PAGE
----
• Avoiding contact with family and friends
  • Only socialising with other cocaine users
  • Neglecting responsibilities and relationships
  • Loss of interest in hobbies or activities that were once important to you

Cocaine Addiction Withdrawal Symptoms

Cocaine withdrawal symptoms can last for several days in someone who takes the drug regularly.  The more Cocaine the individual has been using, the more sever the withdrawal symptoms.

Addicted users who stop using Cocaine will undergo an initial crash known as withdrawal.  This can be intense and difficult due to cravings and uncomfortable side effects.

Cocaine withdrawal symptoms include:

  • Fatigue
  • Lack of pleasure
  • Anxiety
  • Irritability / restless behaviour
  • Agitation
  • Depression
  • Poor concentration
  • Increased appetite
  • Vivid dreams / Nightmares
  • Suicidal thoughts
Man with head in his hands

Many people when trying to stop and do it alone find the side effects and cravings caused by withdrawal are more uncomfortable than they realise and can hijack the recovery process, resulting in a relapse which is why a medically supervised drug detox is recommended.  Detox is when the body metabolizes cocaine and removes it from the body. Since cocaine metabolizes quickly, it leaves the body in approximately 8 hours, based on the half-life of the drug.

Treatment Options For Cocaine Addiction

If you feel you have an addiction to Cocaine and need help, then Which Rehab is here for you every step of the way. As a leading provider of addiction services, we help people find the right treatment and rehabs to face their addiction with Cocaine and get back on track with their life.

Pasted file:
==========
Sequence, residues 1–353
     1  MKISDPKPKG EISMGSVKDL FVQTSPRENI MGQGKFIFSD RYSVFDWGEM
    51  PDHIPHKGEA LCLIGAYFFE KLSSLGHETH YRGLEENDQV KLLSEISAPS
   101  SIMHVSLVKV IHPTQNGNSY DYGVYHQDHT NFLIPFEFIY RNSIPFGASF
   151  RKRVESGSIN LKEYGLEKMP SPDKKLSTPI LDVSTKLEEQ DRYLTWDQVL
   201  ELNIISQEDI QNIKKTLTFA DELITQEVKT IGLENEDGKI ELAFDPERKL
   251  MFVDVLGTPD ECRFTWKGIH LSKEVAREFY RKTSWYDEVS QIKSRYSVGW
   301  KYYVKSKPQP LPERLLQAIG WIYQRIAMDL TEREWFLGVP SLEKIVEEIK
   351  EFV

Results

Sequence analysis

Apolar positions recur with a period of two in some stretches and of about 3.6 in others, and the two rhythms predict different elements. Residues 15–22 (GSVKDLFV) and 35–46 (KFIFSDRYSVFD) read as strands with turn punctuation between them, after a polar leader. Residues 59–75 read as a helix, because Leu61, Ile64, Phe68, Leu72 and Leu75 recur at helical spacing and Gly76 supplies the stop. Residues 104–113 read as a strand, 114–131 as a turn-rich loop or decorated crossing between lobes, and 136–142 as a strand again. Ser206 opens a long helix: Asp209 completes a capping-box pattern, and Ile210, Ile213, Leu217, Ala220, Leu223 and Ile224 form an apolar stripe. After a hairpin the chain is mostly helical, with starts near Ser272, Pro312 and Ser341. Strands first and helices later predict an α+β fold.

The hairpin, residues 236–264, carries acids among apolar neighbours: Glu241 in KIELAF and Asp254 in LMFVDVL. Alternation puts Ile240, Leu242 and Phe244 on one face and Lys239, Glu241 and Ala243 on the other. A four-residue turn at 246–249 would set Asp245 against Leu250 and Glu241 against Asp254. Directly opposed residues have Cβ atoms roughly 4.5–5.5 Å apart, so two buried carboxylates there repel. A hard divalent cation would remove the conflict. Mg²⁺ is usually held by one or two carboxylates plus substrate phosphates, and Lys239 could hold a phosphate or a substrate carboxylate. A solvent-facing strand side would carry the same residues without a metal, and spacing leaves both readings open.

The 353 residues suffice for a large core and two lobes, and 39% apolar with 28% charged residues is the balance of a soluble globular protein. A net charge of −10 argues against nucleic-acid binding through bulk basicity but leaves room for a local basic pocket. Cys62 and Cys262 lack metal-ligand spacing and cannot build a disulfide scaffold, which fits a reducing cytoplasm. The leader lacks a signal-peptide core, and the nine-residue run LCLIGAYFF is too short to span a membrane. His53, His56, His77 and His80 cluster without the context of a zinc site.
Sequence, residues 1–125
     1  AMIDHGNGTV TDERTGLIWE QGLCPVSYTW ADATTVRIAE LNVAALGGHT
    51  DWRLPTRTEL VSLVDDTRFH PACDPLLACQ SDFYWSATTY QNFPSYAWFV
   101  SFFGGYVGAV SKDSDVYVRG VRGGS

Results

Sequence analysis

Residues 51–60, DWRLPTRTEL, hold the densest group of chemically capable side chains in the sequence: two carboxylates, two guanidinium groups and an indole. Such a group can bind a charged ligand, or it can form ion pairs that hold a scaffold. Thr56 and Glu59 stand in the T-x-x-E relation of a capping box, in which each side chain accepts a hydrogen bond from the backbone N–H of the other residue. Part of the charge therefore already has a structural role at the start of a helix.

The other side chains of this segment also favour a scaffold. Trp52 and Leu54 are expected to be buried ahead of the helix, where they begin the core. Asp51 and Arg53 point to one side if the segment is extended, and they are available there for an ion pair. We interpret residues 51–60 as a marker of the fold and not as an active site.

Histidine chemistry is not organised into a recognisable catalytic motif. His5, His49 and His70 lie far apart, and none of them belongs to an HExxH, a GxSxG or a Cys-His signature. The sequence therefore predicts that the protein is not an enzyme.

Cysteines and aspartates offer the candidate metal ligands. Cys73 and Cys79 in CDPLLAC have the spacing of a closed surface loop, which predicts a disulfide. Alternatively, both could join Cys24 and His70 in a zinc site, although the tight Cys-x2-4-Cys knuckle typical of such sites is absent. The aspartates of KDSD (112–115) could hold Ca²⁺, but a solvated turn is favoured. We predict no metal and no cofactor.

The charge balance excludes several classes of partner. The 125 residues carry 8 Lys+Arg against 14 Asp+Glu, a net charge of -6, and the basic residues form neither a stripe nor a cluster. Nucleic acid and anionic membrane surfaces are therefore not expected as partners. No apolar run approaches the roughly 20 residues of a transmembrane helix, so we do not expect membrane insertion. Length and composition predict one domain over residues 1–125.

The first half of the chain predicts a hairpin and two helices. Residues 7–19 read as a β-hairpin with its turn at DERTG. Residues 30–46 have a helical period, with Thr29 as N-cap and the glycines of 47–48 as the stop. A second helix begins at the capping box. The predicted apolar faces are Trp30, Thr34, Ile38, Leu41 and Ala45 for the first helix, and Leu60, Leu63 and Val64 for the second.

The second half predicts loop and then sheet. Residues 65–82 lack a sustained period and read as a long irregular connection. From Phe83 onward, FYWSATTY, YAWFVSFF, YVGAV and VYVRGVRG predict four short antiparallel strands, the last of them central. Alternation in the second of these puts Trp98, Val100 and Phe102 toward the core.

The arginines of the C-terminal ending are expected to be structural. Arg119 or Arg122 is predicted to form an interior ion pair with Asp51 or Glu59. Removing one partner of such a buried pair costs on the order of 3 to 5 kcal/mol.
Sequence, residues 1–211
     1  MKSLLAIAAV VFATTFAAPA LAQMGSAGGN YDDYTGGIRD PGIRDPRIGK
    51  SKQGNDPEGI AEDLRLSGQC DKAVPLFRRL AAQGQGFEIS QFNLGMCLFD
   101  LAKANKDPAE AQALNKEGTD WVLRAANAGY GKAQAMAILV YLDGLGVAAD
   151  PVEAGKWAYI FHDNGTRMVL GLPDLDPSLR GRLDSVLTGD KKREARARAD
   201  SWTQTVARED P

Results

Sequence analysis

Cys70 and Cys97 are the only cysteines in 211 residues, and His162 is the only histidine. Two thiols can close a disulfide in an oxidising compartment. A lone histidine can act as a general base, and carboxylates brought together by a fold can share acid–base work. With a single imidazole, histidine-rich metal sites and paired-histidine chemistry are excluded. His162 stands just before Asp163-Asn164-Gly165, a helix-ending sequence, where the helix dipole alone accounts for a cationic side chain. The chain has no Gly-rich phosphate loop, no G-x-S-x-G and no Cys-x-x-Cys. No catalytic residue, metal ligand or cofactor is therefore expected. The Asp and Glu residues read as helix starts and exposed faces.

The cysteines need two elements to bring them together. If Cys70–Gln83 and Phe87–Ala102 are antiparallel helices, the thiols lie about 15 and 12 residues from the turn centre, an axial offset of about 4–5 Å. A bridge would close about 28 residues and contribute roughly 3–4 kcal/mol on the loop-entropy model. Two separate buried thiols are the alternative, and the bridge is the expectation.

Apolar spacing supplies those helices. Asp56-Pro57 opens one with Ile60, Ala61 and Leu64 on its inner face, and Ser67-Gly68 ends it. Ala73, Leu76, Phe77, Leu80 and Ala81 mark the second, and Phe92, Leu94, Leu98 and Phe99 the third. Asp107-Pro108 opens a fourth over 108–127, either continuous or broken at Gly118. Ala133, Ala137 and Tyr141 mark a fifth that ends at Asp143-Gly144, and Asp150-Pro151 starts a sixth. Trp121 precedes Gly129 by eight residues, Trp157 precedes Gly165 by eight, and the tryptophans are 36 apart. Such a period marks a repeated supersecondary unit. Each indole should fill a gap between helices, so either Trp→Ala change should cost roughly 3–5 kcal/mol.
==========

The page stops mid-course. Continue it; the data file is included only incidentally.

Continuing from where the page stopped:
We have a wide directory of treatment centres and rehabs UK wide to ensure the right treatment for you and your requirements which typically involves detox, counselling, and primary rehab treatment.

A drug detox will help to break the cycle of cocaine abuse while counselling and primary rehab treatment deal with the underlying emotional and psychological issues that may have caused the addiction in the first place.  Through different therapies and treatments, you can learn how to quit cocaine addiction for good and develop new healthier strategies to move forward with your life.

FAQs

Other common names for Cocaine include Coke, Blow, Snow, Charlie, White, Flake and Sniff in the UK.

According to the Crime Survey for England and Wales (CSEW), cocaine is the second most prevalent drug after cannabis.

According to the National Crime Agency (NCA), cocaine use in England, Wales and Scotland increased by 290% between 2011 and 2019.

The latest CSEW reported the highest number of powder cocaine users for 10 years at around 976,000 people. This figure equates to 2.9% of adults aged between 16 to 59.

Over 6% of 16-to-24-year-olds in the UK take cocaine each year.

In 2019 Cocaine deaths increased for the eighth year running, rising by 7.7% for men and 26.5% for women.

 

Sources:

Office for National Statistics

Drug misuse in England and Wales: Year ending March 2020 – Crime Survey for England and Wales.